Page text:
In the Perspective by Noguchi (2024), a reanalysis of the author's prior data was conducted to conform to the signal-detection theoretic analysis advocated by Buergers and Noppeney (2022). In prior work, Noguchi (2022) found a medium-to-strong correlation between IAF and the probability of experiencing the sound-induced flash illusion, a paradigm case of audivisual integration whereby two sounds separated by a ∼50-msec ISI onset simultaneously with a single flash and frequently cause the illusory percept of a secondary flash. In the reanalysis presented by Noguchi (2024), both sensitivity (d′) and bias were computed by virtue of the author presenting both one and two-flash trials to participants (in the context 0, 1, or 2 sounds). In contrast to the findings of Buergers and Noppeney (2022), Noguchi observes a significant correlation (ranging from 0.4 and 0.5) between occipital IAF and d′ in the sound-induced flash illusion, demonstrating that individuals with faster IAF are more sensitive (higher d′) at discriminating one from two flashes in the context of 2 sounds because they were less likely to experience the illusory second flash at the 50-msec ISI that was tested. Noguchi (2024) further provided several analytic demonstrations of why Buergers and Noppeney (2022) may have failed to observe this same result.

Lastly, the Perspective from Venskus (2024) reviews several key findings in the literature and discusses the null effects of Buergers and Noppeney (2022) in the novel context of training effects. Venskus (2024) details the literature on how perceptual learning can shape temporal binding windows and how this may have played a role in the (multiday) experiments of Buergers and Noppeney (2022). Moreover, Venskus proposes an intriguing path forward by combining perceptual training paradigms with alpha measurements to observe whether training-related changes in temporal binding windows manifest alongside concomitant changes in alpha frequency.

The Special Focus contributions discussed so far collectively reflect a vibrant research topic that will likely see continued development and expanse. Where will this line of inquiry take us? Beyond the constructive pathways outlined in nearly every contribution for ironing out lingering discrepancies in the foundational findings and frameworks, several contributors highlighted all-together fresh perspectives that indicate likely heading trajectories.

In the piece by Wutz (2024), our attention is focused on recent findings that go beyond the prevailing view of alpha oscillations as reflecting a bottom–up sampling mechanisms by showcasing the variety of top–down functions that alpha modulation can serve. For instance, there is now growing evidence for the idea that alpha frequency, although relatively stable within an individual, can be guided by top–down factors such as task demands or spatial attention to adaptively narrow or widen temporal integration processes (Han, Zhang, Shen, Mo, & Chen, 2023; Trajkovic, Gregorio, Avenanti, Thut, & Romei, 2023; Sharp, Gutteling, Melcher, & Hickey, 2022; Wutz, Melcher, & Samaha, 2018). By shaping processing according to “perception sets” (think internally stored prior knowledge or routines for perceptual processes), the temporal organization imposed by brain-wide, alpha-band communication channels could ultimately shape the experience of the passing of time itself, Wutz argues. For more on the distinction between top–down and bottom–up alpha as it related to temporal integration, see also the contribution of Karvat and Landau (2024), which was also discussed in brief detail above.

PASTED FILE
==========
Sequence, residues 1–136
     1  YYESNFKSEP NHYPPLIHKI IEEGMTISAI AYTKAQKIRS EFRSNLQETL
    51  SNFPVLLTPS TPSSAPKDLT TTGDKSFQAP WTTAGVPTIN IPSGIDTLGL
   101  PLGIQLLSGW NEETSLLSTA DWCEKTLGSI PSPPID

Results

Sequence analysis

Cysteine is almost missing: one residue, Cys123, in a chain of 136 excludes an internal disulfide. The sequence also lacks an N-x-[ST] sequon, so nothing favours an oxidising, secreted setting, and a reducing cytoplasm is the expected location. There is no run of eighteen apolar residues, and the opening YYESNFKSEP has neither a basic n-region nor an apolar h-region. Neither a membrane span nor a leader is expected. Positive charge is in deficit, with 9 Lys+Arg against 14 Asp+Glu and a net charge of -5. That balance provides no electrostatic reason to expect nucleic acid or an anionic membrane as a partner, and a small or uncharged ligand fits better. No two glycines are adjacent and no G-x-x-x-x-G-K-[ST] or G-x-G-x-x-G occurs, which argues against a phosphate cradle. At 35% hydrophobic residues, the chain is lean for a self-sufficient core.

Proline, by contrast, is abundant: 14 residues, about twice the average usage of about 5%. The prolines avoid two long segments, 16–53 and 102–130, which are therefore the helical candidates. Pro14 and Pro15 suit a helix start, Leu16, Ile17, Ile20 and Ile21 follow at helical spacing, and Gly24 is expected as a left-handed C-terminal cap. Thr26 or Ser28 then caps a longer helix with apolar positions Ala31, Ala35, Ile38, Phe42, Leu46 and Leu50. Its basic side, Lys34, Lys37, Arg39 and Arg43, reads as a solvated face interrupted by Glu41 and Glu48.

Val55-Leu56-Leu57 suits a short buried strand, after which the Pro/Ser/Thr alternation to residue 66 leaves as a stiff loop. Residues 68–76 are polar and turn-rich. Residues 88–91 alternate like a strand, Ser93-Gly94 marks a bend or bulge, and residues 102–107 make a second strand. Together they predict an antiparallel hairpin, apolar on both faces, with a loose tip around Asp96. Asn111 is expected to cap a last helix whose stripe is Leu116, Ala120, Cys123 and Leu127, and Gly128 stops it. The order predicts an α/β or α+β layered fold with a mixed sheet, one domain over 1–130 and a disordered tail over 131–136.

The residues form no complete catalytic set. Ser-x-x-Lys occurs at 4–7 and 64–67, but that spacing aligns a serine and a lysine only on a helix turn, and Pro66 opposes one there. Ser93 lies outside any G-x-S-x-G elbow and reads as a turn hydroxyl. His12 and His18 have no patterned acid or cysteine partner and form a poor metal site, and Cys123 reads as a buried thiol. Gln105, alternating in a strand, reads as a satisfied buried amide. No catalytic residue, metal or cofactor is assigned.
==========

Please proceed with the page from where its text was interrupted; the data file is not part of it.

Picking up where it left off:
The Perspective by Alamia and VanRullen (2024) highlights another critical yet less-frequently discussed dimension to alpha: its spatial dynamics. Increasing evidence, reviewed in depth by Alamia and VanRullen, indicates that the alpha rhythm may propagate across cortex as a traveling wave, mediated, perhaps, by higher-order thalamic nuclei. Not only does alpha seem to travel, but the direction and speed of its propagation has been observed to change depending on several cognitive factors. In their contribution, Alamia and VanRullen unpack how understanding the traveling wave nature of alpha presents new neurally grounded predictions that could explain under what circumstances alpha activity might relate to temporal binding, considering both bottom–up and top–down modes of processing.

Finally, a forthcoming Perspective from Noppeney, Pesci, and Schoffelen (2024) will respond to the arguments and evidence raised throughout this Special Focus.

The connection between alpha-band brain dynamics and temporal processing has nearly undergone a centuries worth of experiment and theorizing. It may very well continue for another. However, the state of affairs today, as reflected in this Special Focus, foregrounds the tremendous progress that has been made in the last decade while also highlighting our blind spots. We hope that the contributions in this Special Focus help set our field into a firmer theoretical and methodological foothold while also clarifying what shape the path forward may take.

Corresponding author: Jason Samaha, University of California Santa Cruz, 8787, Psychology, 1156 High Street, Santa Cruz, US, or via e-mail: jsamaha@ucsc.edu.

Retrospective analysis of the citations in every article published in this journal from 2010 to 2021 reveals a persistent pattern of gender imbalance: Although the proportions of authorship teams (categorized by estimated gender identification of first author/last author) publishing in the Journal of Cognitive Neuroscience (JoCN) during this period were M(an)/M = .407, W(oman)/M = .32, M/W = .115, and W/W = .159, the comparable proportions for the articles that these authorship teams cited were M/M = .549, W/M = .257, M/W = .109, and W/W = .085 (Postle and Fulvio, JoCN, 34:1, pp. 1–3). Consequently, JoCN encourages all authors to consider gender balance explicitly when selecting which articles to cite and gives them the opportunity to report their article's gender citation balance.